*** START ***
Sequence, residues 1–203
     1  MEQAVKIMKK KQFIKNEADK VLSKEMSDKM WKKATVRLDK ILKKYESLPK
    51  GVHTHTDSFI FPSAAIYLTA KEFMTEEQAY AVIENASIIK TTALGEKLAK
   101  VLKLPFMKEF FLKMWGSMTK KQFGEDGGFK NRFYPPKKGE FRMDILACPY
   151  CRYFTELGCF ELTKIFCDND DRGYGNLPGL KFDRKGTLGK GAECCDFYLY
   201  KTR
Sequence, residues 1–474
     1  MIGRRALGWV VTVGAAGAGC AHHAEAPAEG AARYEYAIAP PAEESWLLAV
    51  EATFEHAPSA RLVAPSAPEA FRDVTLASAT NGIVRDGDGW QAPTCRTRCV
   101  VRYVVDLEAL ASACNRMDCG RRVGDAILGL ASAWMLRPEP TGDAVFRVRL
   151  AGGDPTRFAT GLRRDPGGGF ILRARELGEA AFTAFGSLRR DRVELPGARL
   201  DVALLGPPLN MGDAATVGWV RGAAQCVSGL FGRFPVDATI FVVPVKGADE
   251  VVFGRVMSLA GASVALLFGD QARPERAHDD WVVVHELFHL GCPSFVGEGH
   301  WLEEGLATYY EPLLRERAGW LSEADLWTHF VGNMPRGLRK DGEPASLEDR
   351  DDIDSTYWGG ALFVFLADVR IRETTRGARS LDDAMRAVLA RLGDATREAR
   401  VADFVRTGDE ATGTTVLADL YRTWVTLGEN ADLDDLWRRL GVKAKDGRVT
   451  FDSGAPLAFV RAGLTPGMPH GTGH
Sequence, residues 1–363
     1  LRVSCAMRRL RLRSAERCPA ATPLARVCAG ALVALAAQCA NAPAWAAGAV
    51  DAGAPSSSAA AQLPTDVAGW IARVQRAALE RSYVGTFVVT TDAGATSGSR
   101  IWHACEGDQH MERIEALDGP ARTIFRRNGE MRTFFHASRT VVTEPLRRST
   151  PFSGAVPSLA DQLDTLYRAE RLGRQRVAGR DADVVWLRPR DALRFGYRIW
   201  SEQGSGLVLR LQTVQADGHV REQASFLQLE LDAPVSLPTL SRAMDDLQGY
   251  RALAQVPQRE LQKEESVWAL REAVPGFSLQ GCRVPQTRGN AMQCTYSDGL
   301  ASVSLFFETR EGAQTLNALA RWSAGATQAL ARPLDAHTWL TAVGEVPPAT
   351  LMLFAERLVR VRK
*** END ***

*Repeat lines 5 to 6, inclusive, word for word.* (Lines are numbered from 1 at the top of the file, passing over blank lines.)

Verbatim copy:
   151  CRYFTELGCF ELTKIFCDND DRGYGNLPGL KFDRKGTLGK GAECCDFYLY
   201  KTR